The Actress in High Life eBook

This eBook from the Gutenberg Project consists of approximately 297 pages of information about The Actress in High Life.

Author:  Sue Petigru Bowen

Release Date:  November 30, 2005 [eBook #17191]

Language:  English

Character set encoding:  ISO-646-us (us-ASCII)

***Start of the project gutenberg EBOOK the actress in high life***

E-text prepared by Mark Meiss from page images and corrected digital text generously provided by the Wright American Fiction Project (http://www.letrs.indiana.edu/web/w/wright2/) of the Library Electronic Text Service of Indiana University

Note:  Images of the original pages are available through the Wright
      American Fiction Project
      (http://www.letrs.indiana.edu/web/w/wright2/)
      of the Library Electronic Text Service of Indiana University.

THE ACTRESS IN HIGH LIFE: 

An Episode in Winter Quarters.

(Sue Petigru Bowen)

  “Grim-Visag’d War hath smooth’d his wrinkled front;
   And now, instead of mounting barbed steeds,
   To fright the souls of fearful adversaries,
   He capers nimbly in a lady’s chamber,
   To the lascivious pleasing of a lute.”

New York: 
Derby & Jackson.

1860.

Entered according to Act of Congress, in the year 1860, in the Clerk’s office of the District Court of South Carolina.  C.A.  Alvord, Printer, New York.

THE ACTRESS IN HIGH LIFE;

AN EPISODE IN WINTER QUARTERS.

CHAPTER I.

I was a traveler, then, upon the moor,
I saw the hare that raced about with joy,
I heard the woods and distant waters roar,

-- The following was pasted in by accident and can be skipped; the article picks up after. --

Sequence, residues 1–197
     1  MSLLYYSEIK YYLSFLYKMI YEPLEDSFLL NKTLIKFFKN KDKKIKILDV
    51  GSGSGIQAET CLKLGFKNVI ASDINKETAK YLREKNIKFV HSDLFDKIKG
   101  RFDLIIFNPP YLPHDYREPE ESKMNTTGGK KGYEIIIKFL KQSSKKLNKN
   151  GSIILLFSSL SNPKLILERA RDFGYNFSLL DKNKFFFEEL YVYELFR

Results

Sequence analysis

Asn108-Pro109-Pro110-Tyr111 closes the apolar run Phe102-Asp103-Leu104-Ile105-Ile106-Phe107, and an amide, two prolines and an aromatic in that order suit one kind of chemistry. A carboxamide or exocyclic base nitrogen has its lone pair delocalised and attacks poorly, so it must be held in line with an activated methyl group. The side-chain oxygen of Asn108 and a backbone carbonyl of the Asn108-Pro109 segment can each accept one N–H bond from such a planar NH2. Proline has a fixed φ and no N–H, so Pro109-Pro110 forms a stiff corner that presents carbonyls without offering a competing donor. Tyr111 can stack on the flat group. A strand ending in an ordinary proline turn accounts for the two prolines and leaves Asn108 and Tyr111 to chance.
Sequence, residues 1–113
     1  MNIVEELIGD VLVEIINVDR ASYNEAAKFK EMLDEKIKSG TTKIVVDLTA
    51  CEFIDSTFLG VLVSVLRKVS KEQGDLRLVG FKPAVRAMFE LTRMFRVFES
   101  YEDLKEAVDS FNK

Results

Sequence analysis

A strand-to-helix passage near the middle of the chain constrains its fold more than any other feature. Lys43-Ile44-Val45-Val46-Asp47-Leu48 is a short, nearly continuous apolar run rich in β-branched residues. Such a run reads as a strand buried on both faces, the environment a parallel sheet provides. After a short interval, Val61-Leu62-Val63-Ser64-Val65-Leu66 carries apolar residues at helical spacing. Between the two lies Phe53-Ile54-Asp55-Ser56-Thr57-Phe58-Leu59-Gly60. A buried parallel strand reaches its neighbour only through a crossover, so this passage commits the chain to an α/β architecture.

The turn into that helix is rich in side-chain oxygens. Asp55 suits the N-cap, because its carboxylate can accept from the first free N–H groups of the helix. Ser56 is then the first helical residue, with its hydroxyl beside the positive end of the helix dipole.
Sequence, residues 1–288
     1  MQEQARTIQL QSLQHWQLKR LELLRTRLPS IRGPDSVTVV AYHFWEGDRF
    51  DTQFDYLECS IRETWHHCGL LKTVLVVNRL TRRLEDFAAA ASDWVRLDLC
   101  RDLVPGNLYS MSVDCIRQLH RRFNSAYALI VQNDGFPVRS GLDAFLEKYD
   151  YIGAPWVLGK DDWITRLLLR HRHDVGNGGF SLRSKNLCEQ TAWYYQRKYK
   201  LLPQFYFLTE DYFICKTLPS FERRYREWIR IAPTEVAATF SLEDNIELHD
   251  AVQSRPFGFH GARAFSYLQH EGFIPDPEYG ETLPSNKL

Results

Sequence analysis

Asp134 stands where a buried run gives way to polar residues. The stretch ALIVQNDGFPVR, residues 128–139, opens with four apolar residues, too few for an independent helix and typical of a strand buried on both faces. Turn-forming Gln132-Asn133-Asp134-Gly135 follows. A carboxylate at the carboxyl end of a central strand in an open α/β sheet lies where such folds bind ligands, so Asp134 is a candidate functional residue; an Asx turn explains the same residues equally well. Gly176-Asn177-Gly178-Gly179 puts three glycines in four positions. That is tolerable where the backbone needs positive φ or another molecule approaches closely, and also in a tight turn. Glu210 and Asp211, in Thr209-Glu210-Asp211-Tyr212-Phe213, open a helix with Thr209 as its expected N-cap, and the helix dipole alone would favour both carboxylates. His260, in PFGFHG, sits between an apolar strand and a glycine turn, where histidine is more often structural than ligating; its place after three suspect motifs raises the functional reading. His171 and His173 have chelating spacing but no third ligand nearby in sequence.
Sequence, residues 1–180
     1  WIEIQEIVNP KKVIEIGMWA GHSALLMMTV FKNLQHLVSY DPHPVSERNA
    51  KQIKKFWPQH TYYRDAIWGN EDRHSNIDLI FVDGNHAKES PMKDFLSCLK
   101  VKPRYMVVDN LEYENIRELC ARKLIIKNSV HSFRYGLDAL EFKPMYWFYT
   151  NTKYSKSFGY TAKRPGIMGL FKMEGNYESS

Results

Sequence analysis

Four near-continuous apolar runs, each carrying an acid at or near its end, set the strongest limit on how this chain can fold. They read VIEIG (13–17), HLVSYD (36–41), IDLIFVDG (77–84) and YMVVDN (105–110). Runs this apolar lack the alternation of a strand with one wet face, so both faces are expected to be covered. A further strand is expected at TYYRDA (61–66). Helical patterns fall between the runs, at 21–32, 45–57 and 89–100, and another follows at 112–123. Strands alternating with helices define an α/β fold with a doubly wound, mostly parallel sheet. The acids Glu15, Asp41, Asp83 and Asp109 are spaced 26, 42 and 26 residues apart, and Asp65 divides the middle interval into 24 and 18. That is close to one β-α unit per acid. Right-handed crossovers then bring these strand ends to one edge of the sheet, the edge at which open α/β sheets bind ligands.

Or heard them not, as happy as a boy;
The pleasant season did my heart employ. 
My old remembrances went from me wholly,
And all the ways of men so vain and melancholy.

Wordsworth.

Gentle Reader:  Wherever you may be, in bodily presence, when you cast your eyes on this page, let it for a few hours transport your complying spirit to a remote region and a bygone day.  We may alter names without injury to our story; but every real character, or event, has its own time, place, and accidents; to tear it from them is like transplanting a tree from its native spot; it must be trimmed and pruned, and robbed of its due proportions and its natural grace.

Here, then, on this lovely day, near the end of the year 1812, you are in Alemtejo—­the largest, poorest, and, in every sense, worst peopled province of Portugal.  As its name implies, you are, as to Lisbon, beyond the Tagus.  Hasten eastward over this sandy, arid plain, covered with a forest of stunted sea-pines, through whose tops the west wind glides with monotonous and melancholy moans, fit music for the wilderness around you.  Nor need you loiter

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The Actress in High Life from Project Gutenberg. Public domain.
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